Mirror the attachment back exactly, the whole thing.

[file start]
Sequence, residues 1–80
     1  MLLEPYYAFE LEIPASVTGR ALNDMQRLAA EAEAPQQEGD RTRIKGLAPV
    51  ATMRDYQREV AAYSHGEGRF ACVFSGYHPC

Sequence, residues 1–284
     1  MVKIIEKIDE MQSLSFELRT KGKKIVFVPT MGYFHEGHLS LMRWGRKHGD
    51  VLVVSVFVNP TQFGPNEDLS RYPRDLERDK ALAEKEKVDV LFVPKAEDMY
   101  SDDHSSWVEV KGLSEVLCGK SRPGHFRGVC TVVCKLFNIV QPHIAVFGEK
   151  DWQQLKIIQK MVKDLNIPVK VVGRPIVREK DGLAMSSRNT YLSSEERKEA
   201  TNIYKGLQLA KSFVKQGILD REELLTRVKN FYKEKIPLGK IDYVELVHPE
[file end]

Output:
Sequence, residues 1–80
     1  MLLEPYYAFE LEIPASVTGR ALNDMQRLAA EAEAPQQEGD RTRIKGLAPV
    51  ATMRDYQREV AAYSHGEGRF ACVFSGYHPC

Sequence, residues 1–284
     1  MVKIIEKIDE MQSLSFELRT KGKKIVFVPT MGYFHEGHLS LMRWGRKHGD
    51  VLVVSVFVNP TQFGPNEDLS RYPRDLERDK ALAEKEKVDV LFVPKAEDMY
   101  SDDHSSWVEV KGLSEVLCGK SRPGHFRGVC TVVCKLFNIV QPHIAVFGEK
   151  DWQQLKIIQK MVKDLNIPVK VVGRPIVREK DGLAMSSRNT YLSSEERKEA
   201  TNIYKGLQLA KSFVKQGILD REELLTRVKN FYKEKIPLGK IDYVELVHPE